Why I Still Recommend Learning Elm

I don’t write a lot of Elm. I’m unlikely to consider using it on my professional projects. I don’t really use it on my side projects. I might spend a week or two every year explore the Elm ecosystem, but I don’t do anything with it too seriously.

However, whenever anyone asks me what’s something interesting to learn, I recommend reading through the introductory documentation for Elm. While using the Elm language might not be directly applicable to a developer’s job, the underlying principles behind Elm are excellent. These principles set the foundations for the code a developer should be writing each day.

I recommend that every developer read through Elm’s introductory documentations.

An Excellent Developer Experience

Elm excels in creating a productive developer experience. Ideally, a codebase should be an environment that allows developers to evolve solutions to problems. Once a developer is comfortable with a language, they should be able to spend a majority of their time thinking about the domain of the problem.

With a well-thought-out implementation in mind, translating that implementation should be seamless. Of course, there will always be roadblocks that will disrupt the flow. But, a language should do everything in its power to create a smooth implementation experience.

Elm’s excellent developer experience is based on some foundational principles. These fundamental patterns are laid out clearly in the introductory documentation. Someone new to Elm can build their understanding on the solid foundation of proper fundamentals.

I recommend developers learn Elm in order to learn the core development principles this language demonstrates. A developer can apply these principles to whatever language they are using in their day-to-day work. Elm’s usefulness extends beyond writing code with the language itself.

Core Principles

I’d like to highlight a few of these core principles that form the foundation of my coding experience. These principles come from the introductory documentation, so I won’t dive into deep detail for each of these principles. I just want to call your attention to a few of the principles that I find important.

Functional Programming

First off, Elm demonstrates the functional programming paradigm. Elm was my introduction to functional programming. It helped me think in terms of functions. The functional programming paradigm can help developers think through problems differently, even when writing code in an object-oriented environment.

Functional programming has helped me think about the tradeoffs when I’m creating functions or methods with side effects. I’m mindful of parameters and their order. I think a lot about naming functions clearly. That’s because this helps the mental burden of figuring out how a series of function calls should behave.

Static Type Systems

Second, Elm highlights the necessity of a static type system for guiding refactors. One could make an argument that static-type systems aren’t strictly necessary for refactors. However, static type systems have made my developing experience so easy. I can make quick changes confidently by modifying the type system and following errors along the way. Elm emphasizes this development practice in its introductory documentation. Modeling the domain in the type system allows developers to grow the code organically.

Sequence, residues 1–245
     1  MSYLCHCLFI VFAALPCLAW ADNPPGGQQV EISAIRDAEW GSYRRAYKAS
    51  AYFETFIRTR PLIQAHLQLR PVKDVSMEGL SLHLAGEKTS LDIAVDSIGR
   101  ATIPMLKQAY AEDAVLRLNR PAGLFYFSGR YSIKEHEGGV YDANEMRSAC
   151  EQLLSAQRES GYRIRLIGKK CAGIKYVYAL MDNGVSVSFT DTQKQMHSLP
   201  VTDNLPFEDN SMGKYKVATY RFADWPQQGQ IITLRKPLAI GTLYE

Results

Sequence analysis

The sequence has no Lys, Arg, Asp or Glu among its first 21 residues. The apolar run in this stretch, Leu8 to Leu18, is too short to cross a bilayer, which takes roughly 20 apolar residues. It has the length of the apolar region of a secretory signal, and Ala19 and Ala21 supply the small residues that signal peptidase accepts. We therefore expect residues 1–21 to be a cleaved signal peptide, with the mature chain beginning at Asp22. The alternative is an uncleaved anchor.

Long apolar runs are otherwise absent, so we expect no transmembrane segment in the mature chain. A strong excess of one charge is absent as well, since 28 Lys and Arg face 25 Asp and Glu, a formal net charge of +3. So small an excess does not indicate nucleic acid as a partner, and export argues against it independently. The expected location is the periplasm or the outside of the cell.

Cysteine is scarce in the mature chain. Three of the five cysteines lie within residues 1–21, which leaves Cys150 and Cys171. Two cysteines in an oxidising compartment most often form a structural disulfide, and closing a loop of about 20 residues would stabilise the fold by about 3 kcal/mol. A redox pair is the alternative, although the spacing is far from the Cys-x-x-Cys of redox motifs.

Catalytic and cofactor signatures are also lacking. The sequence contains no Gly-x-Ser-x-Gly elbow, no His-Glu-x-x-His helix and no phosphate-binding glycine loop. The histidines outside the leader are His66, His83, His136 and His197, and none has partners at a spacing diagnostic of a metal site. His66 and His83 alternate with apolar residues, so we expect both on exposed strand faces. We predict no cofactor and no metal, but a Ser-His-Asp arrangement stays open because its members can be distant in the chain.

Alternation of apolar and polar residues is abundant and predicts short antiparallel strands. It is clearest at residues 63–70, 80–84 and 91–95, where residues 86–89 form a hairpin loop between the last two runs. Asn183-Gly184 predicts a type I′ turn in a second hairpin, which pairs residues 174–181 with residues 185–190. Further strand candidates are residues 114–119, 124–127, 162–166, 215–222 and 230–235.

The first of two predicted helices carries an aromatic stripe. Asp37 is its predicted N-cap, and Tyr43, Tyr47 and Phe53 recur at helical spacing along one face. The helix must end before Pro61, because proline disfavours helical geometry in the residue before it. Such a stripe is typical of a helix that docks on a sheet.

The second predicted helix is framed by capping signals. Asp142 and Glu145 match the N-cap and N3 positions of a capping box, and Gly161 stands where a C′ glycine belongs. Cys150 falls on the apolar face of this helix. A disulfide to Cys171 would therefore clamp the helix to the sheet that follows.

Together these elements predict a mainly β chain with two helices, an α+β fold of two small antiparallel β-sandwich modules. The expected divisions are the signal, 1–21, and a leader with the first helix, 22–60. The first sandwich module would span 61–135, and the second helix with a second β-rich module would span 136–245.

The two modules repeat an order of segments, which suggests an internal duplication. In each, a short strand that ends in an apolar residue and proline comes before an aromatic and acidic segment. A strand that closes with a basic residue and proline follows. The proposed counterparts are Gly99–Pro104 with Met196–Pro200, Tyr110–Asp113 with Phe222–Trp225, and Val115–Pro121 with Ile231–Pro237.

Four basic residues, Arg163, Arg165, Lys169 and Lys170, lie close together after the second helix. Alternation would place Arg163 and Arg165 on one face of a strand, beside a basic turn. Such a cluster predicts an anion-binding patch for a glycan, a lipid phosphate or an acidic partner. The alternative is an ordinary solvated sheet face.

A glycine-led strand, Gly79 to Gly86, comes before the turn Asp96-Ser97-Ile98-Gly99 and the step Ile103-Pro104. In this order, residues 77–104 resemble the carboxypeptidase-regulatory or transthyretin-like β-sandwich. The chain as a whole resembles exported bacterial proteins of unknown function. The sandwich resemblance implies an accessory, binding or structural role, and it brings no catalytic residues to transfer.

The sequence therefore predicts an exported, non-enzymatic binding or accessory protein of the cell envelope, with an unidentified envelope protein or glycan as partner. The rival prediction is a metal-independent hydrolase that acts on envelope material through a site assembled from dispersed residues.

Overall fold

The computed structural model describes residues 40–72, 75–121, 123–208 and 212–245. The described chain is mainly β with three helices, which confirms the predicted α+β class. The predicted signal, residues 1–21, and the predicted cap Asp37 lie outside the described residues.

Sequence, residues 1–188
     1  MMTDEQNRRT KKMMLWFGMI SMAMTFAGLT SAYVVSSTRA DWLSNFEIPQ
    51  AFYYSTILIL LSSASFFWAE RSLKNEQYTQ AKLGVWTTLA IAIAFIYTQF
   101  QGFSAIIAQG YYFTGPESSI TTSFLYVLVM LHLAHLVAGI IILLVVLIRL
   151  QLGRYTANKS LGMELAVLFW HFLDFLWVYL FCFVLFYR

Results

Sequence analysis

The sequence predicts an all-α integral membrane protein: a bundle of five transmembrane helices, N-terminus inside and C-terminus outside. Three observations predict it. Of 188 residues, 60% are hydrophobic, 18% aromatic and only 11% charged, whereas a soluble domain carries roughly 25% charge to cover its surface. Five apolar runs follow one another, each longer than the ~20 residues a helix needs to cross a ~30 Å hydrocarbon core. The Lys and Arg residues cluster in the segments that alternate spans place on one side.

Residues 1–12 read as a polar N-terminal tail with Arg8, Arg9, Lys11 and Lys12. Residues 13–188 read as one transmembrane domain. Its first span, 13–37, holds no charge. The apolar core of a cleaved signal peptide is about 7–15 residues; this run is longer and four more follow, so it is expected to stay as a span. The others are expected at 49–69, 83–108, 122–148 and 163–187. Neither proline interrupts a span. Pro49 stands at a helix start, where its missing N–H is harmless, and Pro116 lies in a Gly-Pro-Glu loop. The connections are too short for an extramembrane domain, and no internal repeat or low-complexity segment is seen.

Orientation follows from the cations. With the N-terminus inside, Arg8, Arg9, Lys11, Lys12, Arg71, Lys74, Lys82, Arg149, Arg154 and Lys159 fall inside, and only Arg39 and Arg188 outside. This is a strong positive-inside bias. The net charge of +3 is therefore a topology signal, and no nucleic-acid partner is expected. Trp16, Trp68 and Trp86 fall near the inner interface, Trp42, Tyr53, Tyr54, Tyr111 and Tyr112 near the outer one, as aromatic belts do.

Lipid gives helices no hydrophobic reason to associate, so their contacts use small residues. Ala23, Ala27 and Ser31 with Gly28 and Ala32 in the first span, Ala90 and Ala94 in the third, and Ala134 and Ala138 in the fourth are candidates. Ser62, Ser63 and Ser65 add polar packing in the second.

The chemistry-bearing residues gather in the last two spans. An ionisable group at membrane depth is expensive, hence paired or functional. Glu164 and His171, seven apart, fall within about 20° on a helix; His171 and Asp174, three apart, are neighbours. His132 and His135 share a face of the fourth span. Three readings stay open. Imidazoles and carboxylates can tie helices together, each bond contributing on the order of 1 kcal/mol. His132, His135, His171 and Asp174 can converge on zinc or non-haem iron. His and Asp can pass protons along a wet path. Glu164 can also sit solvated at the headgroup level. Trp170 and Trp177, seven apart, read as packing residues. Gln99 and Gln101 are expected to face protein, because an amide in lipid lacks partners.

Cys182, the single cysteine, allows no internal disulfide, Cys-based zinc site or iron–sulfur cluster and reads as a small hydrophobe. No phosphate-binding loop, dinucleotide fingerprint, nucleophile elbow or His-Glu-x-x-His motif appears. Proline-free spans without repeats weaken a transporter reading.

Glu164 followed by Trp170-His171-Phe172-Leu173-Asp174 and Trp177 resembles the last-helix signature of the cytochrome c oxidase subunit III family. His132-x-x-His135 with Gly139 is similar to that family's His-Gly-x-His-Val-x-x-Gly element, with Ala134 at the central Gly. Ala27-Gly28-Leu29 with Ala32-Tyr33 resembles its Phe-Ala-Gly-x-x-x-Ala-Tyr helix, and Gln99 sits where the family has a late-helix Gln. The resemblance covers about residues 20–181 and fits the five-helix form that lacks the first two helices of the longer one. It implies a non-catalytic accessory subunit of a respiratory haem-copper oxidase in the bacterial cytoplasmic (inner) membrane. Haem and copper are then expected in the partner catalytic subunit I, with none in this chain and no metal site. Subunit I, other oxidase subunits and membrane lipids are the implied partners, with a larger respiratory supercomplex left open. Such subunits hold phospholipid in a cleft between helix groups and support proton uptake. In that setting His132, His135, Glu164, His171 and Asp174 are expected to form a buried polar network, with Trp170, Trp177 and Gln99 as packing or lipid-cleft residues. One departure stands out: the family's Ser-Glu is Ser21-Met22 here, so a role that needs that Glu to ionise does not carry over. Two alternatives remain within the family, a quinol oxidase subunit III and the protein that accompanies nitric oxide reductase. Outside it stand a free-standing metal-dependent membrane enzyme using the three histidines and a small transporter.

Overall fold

Solution-Oriented Error Messages

Lastly, I’d like to point out Elm’s care when it comes to error messages. Rather than just telling a developer that an error has happened, Elm’s error messaging directs the developer toward a solution. This complements the aforementioned type system, giving developers a smooth refactor experience.

But this practice of good error messages goes beyond the type system. Whenever I throw an exception in any framework, I make sure to not just say what’s going wrong but try to also explain why. For example, my current project prices products across a timeline. It’s pretty common for a developer to try to look up a price and not find anything. It’s natural to think that maybe pricing data doesn’t exist for a product, but in reality, the price just might be a bit in the future. So instead of creating a generic “Not Found” message, I make sure I communicate the other possibilities to any future developer who might run into this situation.

Final Thoughts on Elm

There are many more principles in Elm, and I highly recommend anyone reading this post to go check out Elm for themselves. Elm provides an excellent opportunity for a developer to improve fundamental coding practices. Even if you’re not interested in functional programming, or even web development, Elm has something for everyone to learn. Its principles are nearly universally applicable to other development environments.

Do you have another language that demonstrates excellence in these foundational ways? I would love to hear about it in the comments below!

  • Topher says:

    I came to read about an ail client. Now I know there’s another Elm.

  • Comments are closed.